The 2011 Volkswagen Passat: More Wagen, More Volk?

Here it is: the new 2011 Volkswagen Passat, the sedan VW wants to take America by sturm. How will it do so? By being $7,000 cheaper than the previous Passat, while getting bigger.

Just as it did with the new Jetta, VW has moved the Passat down the price ladder to what it thinks American midsize sedan buyers really want — more room for less money. While the outgoing Passat started at $27,000, VW will send in the new base model with a sub-$20,000 sticker, aiming directly for the masses testing the cupholders on four-cylinder Camrys, Accords and Sonatas.

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The new Passat gets three engine options: the 2.5-liter 5-cylinder, good for 170 hp and 177 lb.-ft. of torque, the 2-liter diesel four-cylinder, and a 3.6-liter VR6 at 280 hp and 258 lb.-ft. The base Passat will offer the five-cylinder with a five-speed manual; six-speed automatics will go to the majority of buyers.

VW grew the Passat's body four inches to 191.4 inches, and now touts the most rear-seat legroom in the class. As for the interior VW promised it would show "the look of considerably more expensive cars" with a resemblance to the Tiguan's instrument panel.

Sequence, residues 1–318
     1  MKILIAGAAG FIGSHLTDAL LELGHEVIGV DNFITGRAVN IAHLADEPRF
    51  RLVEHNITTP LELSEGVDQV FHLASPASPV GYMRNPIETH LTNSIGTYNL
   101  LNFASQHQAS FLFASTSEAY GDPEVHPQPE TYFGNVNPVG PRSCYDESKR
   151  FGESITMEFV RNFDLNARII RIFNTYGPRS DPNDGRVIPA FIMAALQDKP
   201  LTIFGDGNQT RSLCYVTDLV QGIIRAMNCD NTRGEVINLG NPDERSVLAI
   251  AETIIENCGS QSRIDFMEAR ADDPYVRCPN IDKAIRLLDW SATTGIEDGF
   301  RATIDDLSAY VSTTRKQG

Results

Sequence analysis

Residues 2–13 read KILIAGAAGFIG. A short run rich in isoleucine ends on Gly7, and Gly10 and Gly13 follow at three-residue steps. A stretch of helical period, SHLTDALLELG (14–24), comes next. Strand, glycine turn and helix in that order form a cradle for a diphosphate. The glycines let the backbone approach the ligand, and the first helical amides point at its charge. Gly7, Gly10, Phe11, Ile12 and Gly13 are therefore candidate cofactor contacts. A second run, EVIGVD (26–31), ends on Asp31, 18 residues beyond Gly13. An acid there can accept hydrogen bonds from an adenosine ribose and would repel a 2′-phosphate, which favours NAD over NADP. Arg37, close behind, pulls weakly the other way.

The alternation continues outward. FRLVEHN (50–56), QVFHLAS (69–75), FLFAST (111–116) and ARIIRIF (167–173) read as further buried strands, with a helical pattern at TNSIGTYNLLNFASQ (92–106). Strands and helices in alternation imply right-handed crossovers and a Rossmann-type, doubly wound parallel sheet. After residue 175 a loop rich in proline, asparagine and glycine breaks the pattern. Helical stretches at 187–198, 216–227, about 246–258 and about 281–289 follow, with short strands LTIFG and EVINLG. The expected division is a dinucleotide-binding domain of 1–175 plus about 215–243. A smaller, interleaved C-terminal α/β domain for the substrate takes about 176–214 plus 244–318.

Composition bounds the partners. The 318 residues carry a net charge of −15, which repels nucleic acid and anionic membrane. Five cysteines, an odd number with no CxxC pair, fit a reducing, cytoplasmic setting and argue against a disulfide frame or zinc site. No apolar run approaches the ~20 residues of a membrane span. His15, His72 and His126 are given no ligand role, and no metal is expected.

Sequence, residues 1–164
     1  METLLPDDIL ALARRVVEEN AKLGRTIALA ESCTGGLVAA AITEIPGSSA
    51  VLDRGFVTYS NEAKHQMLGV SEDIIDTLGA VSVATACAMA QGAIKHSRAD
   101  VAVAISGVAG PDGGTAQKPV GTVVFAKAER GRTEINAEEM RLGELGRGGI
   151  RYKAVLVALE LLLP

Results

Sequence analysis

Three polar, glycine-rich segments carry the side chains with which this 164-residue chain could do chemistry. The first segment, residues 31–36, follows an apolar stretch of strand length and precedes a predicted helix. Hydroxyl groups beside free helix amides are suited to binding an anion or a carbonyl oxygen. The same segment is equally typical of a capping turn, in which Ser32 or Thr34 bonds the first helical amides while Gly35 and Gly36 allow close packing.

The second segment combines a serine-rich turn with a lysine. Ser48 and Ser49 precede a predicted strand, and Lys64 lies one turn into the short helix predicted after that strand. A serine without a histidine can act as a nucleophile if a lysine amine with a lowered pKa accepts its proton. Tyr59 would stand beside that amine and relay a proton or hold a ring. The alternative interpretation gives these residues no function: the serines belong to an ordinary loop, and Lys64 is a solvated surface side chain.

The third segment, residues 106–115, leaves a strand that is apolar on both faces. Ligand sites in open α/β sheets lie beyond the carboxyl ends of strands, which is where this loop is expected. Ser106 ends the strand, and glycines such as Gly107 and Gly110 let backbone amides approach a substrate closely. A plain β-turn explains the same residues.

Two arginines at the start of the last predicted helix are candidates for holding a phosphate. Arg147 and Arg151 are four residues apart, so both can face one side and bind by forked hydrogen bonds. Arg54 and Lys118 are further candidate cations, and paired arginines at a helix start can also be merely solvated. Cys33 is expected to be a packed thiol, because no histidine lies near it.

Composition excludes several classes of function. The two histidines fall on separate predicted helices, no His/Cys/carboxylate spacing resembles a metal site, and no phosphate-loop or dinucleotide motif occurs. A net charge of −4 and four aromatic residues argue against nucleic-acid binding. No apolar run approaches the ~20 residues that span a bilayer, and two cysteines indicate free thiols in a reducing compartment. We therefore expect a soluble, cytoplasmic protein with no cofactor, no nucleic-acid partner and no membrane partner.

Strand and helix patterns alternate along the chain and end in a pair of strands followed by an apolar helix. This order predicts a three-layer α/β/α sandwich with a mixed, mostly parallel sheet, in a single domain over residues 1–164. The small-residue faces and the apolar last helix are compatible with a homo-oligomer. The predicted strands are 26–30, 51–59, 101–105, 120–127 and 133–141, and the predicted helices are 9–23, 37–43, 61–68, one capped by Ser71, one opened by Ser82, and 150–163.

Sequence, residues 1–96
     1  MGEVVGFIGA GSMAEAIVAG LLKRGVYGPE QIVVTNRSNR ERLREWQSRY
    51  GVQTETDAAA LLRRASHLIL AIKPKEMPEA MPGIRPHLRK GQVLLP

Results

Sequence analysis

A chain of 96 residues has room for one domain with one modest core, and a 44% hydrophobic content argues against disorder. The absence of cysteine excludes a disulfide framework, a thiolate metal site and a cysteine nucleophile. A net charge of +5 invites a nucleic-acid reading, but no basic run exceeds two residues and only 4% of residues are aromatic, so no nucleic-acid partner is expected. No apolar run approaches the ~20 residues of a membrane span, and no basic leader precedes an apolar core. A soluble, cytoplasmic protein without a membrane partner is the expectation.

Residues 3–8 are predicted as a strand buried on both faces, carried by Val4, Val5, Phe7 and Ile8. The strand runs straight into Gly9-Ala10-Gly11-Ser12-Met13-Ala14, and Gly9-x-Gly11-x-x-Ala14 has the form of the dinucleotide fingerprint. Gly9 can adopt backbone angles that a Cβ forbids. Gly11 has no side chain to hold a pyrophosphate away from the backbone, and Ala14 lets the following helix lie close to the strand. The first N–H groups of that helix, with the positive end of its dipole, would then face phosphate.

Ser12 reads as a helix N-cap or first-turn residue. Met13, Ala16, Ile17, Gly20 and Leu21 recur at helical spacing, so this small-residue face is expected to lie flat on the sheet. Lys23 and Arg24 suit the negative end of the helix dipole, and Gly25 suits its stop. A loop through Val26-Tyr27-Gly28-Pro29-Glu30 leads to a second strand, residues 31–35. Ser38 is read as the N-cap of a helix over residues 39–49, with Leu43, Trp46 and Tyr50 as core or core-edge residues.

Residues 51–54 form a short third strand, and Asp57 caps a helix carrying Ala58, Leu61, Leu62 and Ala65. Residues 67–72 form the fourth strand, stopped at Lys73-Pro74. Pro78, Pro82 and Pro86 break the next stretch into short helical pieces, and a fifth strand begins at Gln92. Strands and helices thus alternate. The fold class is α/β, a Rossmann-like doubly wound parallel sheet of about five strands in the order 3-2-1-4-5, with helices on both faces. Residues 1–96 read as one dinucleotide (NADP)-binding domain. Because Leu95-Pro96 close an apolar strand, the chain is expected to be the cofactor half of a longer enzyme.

But the grow-but-get-cheaper transformation on the Jetta hasn't been particularly welcome among its fans. It also goes against the steps every other automaker has been making to not only standardize their models around the world, but add higher-class features for ever-lower prices.

Here for example, is the new interior on the American Passat:

The 2011 Volkswagen Passat: More Wagen, More Volk?

And here's what VW will offer Passat buyers in Europe, where it's still a near-luxury car:

The 2011 Volkswagen Passat: More Wagen, More Volk?

The gentlemen from Wolfsburg didn't spend $1 billion on a new plant in Tennessee just to make a midsize sedan. Volkswagen wants to be the largest automaker in the world by 2018, and doing so requires it to nearly triple its U.S. sales from 360,000 last year to 1 million, 800,000 of which would need to be VW models — making VW as big here as Nissan is today.

In America, "frankly we lost our way," said Jonathan Browning, VW's U.S. chief. "We became a marginal player here in one of the world's most important markets. That's no longer acceptable."

He then handed the stage over to the band Train, whose lead singer Pat Monahan thanked the company: "Many of us were conceived in a VW bus, so thanks for life."

For all of the history VW made in the United States with the Beetle and other iconic vehicles, it has a history of expecting Americans to follow the commands from Germany and getting upset when they don't obey. It didn't work with the Phaeton; it hasn't worked with putting VW badges on a Chrysler minivan rather than reviving its own Microbus. Like Train, VW wants the biggest audience possible for its work. The trick is getting people to tune in rather than tune out.